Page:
A very small dog, a King Charles spaniel, greets me with a series of barks.
There have been more formal introductions. I’m in Paris at the home of Farah Pahlavi, the last wife of Mohammad Reza Pahlavi (1919-1980), the last Shah of Iran.
She was queen then empress until the monarchy was toppled by the mullahs in 1979.
Strong cultural drive
Her time as first lady was marked by a strong cultural drive, among other things, the traces of which can still be seen in the country today with the Tehran Museum of Contemporary Art, which opened in 1977.
This legendary collection was due to travel to Berlin and Rome in 2016 but remained blocked in Iran, without any justification being given. As for the museum itself, with its brutalist concrete architecture designed by Kamran Dibah, it’s due to reopen in June after multiple delays. The unofficial explanation: “it’s always like that in Iran.”
Despite the fact that only one piece from the collection has been sold, a de Kooning – to the Los Angeles collector David Geffen, who later sold it to the New York collector Steve Cohen – it seems the exceptional ensemble of works by Rothko, Bacon, Pollock, Calder and Giacometti is surrounded by a certain distrust undercut with wary respect in the land of the mullahs. I had the opportunity to visit the museum’s basements in June 2018 to see this collection, which was disclosed to me almost in its entirety, with the exception of a Francis Bacon which was set aside due to nudity (see the report).
The Empress of Art
The saga of this exceptional collection – it’s described as the largest public collection of modern and contemporary art outside the West – is told in a lavish tome recently published by Assouline, with the beautiful Farah on the cover rendered by Andy Warhol, under the title “Iran Modern: The Empress of Art”.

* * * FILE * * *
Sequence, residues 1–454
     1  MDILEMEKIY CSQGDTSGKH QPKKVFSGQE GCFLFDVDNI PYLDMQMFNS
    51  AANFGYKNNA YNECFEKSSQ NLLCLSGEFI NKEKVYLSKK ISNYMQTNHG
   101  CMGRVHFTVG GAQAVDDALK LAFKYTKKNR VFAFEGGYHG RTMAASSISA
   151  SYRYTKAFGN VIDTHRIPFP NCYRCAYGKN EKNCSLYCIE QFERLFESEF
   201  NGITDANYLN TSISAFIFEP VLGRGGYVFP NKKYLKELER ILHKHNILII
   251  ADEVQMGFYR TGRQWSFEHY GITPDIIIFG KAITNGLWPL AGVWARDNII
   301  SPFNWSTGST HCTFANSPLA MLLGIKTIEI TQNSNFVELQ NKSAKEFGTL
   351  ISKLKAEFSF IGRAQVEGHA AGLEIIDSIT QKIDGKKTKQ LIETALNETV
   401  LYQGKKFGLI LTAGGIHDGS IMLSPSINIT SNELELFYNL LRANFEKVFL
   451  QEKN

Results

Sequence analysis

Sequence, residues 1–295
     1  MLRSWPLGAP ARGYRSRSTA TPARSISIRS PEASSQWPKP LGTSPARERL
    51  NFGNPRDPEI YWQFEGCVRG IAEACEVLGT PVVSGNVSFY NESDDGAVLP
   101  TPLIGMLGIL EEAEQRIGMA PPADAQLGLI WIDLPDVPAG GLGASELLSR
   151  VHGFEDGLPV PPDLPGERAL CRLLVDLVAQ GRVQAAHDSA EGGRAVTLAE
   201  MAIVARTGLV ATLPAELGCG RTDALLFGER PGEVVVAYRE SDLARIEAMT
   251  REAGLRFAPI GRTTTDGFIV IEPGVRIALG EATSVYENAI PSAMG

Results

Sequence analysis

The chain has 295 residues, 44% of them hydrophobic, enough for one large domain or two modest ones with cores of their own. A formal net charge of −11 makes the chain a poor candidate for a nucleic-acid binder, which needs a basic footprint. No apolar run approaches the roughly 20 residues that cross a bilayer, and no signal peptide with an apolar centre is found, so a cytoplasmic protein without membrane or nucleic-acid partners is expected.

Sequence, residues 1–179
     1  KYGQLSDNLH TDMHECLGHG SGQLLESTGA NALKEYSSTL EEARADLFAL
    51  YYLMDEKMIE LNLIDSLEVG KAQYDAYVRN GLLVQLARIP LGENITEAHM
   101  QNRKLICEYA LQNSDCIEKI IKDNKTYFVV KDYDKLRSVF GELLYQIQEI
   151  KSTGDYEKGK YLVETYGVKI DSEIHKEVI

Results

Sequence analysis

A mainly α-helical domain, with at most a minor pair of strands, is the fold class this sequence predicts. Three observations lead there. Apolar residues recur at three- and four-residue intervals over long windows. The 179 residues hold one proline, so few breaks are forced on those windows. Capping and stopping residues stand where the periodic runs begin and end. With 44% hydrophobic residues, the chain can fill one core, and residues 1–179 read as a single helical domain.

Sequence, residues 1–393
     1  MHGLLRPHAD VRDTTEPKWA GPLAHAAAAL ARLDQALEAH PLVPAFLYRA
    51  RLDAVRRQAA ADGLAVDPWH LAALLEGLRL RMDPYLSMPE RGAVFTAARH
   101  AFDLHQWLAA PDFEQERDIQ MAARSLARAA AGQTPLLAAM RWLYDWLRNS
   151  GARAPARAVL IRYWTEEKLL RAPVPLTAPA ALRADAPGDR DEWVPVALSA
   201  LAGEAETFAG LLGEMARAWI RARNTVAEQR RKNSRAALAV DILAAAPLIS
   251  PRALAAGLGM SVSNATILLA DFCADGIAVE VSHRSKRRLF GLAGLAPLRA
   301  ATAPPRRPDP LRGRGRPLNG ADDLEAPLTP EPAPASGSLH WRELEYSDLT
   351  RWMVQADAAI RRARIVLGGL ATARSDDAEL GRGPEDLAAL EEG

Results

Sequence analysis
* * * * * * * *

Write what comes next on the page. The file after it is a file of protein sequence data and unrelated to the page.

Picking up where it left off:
Farah Pahlavi shows herself to be particularly humble and is very amenable. She speaks French just as well as she speaks English.
Her living room is full of photos: family portraits or in the company of the King of Spain, Morocco or Jordan. Around her there are antiques, Luristan bronzes and old ceramics.
She ends the interview without rancor or bitterness, animated by the extreme popularity she continues to enjoy:
“The seeds we plant with love will never dry out.”
How did you come up with the idea for a museum with international standards?
You had a team around you to help create the collection. In the Assouline book you mention Kamran Dibah, Tony Shafrazi, Donna Stein, Mr Bahaduri and the Beyeler Gallery. Could you explain how the choices were made and who had the last word?
You said that you met Henry Moore and Salvador Dali. Could you tell us what that was like?
Andy Warhol visited Iran in July 1976. What was he like? Did he make a portrait of you on this occasion?
The collection ranges from traditional impressionist paintings (Renoir) to radical abstract art (Rothko) and Francis Bacon.
What was the idea behind the collection?
I was also impressed by the two Giacometti pieces in the museum.
Do you remember when you decided to purchase them?
I visited the extraordinary museum dedicated to glass and ceramics designed by Hans Hollein. Could you tell me the story behind this museum?
Why do you think the Islamic Republic has kept almost the entire collection and is due to reopen the TMoca soon?
Do you have doubts that they will reopen the museum?
What is your next dream in terms of this collection?
What would you like people to remember about you?